Bunjira, then 17 years old, recalls that the stadium was packed with supporters rooting for Chunga and his team.
“The stadium was packed to the rafters. For me, that is the only other time I saw Rufaro Stadium so packed, other than during the All-Africa Games in 1995. The noise that greeted the PSL team and cheers for Chunga when he entered the field, one would have thought the Dream Team was a team from Mauritania. The PSL select had all the support and we were treated like an away team.”
When the match finally got off, Gumbo, as per instruction stalked Chunga.
“Following instructions to the hilt, Gumbo stuck to Chunga like a leech. Bambo hardly played. On realising that Rush was following him everywhere, Chunga decided to play to the gallery to embarrass Rahman. He went to the Vietnam side touchline, and right by the centre flag, he just stood there and never moved while the game was on. Gumbo did as per instruction and went there to stand with him. The Vietnam fans were incensed and went crazy.”
Despite being targeted by the Chunga sympathisers, Gumbo stuck to Chunga in the second half and eventually won the battle much to the delight of his German mentor.
“They made so much noise and started pelting Rahman with missiles. The match had to be stopped briefly for order to be restored. The half-time score was 0-0. The second half started with Rahman doing the same job. The temperatures were rising. I think the PSL Select coaches realised that the tempers were flaring and eventually took off Chunga.”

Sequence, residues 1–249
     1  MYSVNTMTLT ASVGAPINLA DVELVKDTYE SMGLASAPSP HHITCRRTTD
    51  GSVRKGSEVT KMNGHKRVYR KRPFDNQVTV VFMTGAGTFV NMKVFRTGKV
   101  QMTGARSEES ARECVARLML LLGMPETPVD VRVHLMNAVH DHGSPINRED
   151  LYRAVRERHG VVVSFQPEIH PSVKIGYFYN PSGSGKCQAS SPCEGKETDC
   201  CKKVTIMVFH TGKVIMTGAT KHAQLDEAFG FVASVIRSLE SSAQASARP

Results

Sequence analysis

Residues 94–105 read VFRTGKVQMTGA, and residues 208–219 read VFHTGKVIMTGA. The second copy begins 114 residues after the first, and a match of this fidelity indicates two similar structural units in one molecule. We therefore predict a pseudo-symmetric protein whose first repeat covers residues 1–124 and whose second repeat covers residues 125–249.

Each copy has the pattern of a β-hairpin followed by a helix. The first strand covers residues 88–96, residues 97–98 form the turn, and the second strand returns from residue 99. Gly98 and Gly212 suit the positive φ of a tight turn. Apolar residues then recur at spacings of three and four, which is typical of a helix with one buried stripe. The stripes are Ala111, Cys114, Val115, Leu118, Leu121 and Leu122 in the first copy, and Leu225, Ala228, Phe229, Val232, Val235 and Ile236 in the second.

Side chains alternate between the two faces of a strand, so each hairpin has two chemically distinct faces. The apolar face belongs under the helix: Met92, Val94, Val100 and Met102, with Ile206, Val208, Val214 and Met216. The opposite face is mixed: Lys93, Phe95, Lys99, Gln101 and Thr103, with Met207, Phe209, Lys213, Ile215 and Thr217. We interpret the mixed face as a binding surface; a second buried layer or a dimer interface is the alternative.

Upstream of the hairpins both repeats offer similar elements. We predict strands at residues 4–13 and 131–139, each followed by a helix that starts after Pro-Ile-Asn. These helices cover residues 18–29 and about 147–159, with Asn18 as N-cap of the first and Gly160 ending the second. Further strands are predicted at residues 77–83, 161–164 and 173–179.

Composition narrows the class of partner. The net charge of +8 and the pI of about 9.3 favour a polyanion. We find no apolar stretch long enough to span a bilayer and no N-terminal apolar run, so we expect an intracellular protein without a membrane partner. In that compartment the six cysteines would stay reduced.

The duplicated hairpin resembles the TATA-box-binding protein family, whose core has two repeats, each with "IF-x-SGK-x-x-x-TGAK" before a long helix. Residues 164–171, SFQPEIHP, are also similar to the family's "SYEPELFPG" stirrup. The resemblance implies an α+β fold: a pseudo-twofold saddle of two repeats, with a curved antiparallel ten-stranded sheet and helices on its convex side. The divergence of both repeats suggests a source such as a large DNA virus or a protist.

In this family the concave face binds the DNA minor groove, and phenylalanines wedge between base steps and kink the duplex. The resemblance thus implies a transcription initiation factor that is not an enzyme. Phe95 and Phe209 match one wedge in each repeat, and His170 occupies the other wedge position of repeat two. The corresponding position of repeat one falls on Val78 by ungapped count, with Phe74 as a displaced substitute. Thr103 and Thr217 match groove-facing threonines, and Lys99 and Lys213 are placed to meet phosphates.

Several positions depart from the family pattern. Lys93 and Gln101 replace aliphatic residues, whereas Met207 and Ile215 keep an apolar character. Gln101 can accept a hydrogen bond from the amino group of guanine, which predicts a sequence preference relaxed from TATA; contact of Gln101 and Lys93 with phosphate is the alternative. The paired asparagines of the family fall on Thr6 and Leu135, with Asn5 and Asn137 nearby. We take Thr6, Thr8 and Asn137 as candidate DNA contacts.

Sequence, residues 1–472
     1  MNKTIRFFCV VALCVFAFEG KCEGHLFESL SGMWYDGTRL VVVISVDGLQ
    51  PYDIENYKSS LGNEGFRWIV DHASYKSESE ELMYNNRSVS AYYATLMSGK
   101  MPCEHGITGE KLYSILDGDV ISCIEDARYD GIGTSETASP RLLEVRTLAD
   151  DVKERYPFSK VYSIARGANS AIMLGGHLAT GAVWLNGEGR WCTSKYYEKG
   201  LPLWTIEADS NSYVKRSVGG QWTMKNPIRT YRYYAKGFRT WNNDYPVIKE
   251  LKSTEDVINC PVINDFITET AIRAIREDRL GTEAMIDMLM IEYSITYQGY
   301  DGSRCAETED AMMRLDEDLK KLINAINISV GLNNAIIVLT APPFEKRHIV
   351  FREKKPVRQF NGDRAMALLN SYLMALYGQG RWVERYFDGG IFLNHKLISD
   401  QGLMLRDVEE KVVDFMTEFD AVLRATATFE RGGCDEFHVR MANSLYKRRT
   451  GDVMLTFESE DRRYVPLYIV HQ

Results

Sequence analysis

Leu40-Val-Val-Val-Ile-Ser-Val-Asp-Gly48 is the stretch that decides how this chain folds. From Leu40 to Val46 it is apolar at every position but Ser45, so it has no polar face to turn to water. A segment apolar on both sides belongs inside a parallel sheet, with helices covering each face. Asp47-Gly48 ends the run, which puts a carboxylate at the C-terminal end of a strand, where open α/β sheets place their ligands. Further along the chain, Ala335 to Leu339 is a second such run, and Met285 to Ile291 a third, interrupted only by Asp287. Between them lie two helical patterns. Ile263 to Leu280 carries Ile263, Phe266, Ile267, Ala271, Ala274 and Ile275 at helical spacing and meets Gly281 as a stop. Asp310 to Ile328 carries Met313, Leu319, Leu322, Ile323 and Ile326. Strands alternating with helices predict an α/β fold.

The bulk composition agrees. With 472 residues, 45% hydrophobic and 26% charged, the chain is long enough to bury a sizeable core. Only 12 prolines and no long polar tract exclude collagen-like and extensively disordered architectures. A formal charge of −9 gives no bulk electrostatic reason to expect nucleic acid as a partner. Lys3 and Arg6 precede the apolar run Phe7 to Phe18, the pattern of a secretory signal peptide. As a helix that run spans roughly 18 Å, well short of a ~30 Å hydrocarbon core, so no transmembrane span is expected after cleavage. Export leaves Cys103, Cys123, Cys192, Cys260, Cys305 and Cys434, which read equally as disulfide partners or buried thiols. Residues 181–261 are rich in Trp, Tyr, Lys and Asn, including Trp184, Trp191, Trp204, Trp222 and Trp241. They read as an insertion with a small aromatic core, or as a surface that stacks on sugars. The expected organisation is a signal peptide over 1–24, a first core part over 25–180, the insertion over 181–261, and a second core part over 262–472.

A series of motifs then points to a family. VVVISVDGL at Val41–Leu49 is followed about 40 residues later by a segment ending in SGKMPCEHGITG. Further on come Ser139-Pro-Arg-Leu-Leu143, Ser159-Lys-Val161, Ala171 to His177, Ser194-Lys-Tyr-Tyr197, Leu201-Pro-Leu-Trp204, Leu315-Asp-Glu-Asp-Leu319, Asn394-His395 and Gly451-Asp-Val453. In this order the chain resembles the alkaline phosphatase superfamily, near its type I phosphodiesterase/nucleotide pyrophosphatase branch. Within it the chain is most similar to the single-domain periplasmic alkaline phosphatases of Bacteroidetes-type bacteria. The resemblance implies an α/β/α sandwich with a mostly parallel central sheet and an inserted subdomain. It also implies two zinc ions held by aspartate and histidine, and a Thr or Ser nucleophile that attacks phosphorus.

Bunjira scored for the Warriors, who won the match 1-0, but the fans knowing fully well that Chunga had lost the battle to break into the Dream Team had the last say.
“We even had our bus pelted with missiles. Some of the fans even forgot that we were the national team. After that match, calls for Chunga to be drafted into the team died a natural death. To this day, I don’t know how Fabisch and Chunga associated. It was one of those things in football.”
The Warriors under the Fabisch era are still regarded as the best team to have been assembled at national level even though they failed to qualify for any major tournament.
In his book, Bunjira touches on his career at Darryn T where he developed under Polish coach Wieslaw Grabowski after he had been plucked from Black Rhinos.
He reveals how what started off as a rivalry in Chitungwiza later turned out to be a special combination on the pitch and friendship off it with Stewart Murisa especially at Caps and the junior national teams.
The book will clarify how he moved to the US and quickly returned to come and pursue a football career.
“My book should be out before the end of the year. It will touch on my career from pre-primary school days until retirement. It will have so many interesting stories, some of which I have shared before, but a lot that I have not told. But I trust it will be a good, honest read.”